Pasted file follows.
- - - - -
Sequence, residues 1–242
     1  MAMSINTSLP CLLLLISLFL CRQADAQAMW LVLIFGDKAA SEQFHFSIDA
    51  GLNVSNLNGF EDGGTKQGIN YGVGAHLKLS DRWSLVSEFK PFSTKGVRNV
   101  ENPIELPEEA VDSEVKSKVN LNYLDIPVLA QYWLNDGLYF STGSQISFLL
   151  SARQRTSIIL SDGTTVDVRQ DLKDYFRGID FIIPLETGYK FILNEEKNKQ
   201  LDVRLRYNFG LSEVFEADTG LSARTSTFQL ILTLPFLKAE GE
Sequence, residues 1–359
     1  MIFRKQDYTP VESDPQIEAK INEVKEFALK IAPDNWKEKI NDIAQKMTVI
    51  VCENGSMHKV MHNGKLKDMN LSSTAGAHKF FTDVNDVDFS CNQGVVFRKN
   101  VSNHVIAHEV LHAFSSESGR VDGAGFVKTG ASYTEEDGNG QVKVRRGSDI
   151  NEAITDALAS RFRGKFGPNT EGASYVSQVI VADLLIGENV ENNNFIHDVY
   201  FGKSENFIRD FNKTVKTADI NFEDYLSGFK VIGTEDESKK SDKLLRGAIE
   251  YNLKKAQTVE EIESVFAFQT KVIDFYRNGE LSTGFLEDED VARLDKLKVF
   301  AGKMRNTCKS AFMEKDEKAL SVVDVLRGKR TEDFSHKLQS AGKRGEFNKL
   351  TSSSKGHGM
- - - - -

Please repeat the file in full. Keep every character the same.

Sequence, residues 1–242
     1  MAMSINTSLP CLLLLISLFL CRQADAQAMW LVLIFGDKAA SEQFHFSIDA
    51  GLNVSNLNGF EDGGTKQGIN YGVGAHLKLS DRWSLVSEFK PFSTKGVRNV
   101  ENPIELPEEA VDSEVKSKVN LNYLDIPVLA QYWLNDGLYF STGSQISFLL
   151  SARQRTSIIL SDGTTVDVRQ DLKDYFRGID FIIPLETGYK FILNEEKNKQ
   201  LDVRLRYNFG LSEVFEADTG LSARTSTFQL ILTLPFLKAE GE
Sequence, residues 1–359
     1  MIFRKQDYTP VESDPQIEAK INEVKEFALK IAPDNWKEKI NDIAQKMTVI
    51  VCENGSMHKV MHNGKLKDMN LSSTAGAHKF FTDVNDVDFS CNQGVVFRKN
   101  VSNHVIAHEV LHAFSSESGR VDGAGFVKTG ASYTEEDGNG QVKVRRGSDI
   151  NEAITDALAS RFRGKFGPNT EGASYVSQVI VADLLIGENV ENNNFIHDVY
   201  FGKSENFIRD FNKTVKTADI NFEDYLSGFK VIGTEDESKK SDKLLRGAIE
   251  YNLKKAQTVE EIESVFAFQT KVIDFYRNGE LSTGFLEDED VARLDKLKVF
   301  AGKMRNTCKS AFMEKDEKAL SVVDVLRGKR TEDFSHKLQS AGKRGEFNKL
   351  TSSSKGHGM